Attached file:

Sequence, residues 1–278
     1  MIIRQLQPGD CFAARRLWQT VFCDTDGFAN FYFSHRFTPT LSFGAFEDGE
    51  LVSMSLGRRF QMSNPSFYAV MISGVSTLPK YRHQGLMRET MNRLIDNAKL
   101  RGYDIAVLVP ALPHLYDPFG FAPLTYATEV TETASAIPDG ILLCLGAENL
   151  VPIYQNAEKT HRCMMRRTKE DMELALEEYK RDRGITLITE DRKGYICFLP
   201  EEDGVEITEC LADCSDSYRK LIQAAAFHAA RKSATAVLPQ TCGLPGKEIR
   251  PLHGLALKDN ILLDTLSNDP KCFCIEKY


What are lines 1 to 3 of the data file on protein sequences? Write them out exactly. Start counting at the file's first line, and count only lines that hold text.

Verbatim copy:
Sequence, residues 1–278
     1  MIIRQLQPGD CFAARRLWQT VFCDTDGFAN FYFSHRFTPT LSFGAFEDGE
    51  LVSMSLGRRF QMSNPSFYAV MISGVSTLPK YRHQGLMRET MNRLIDNAKL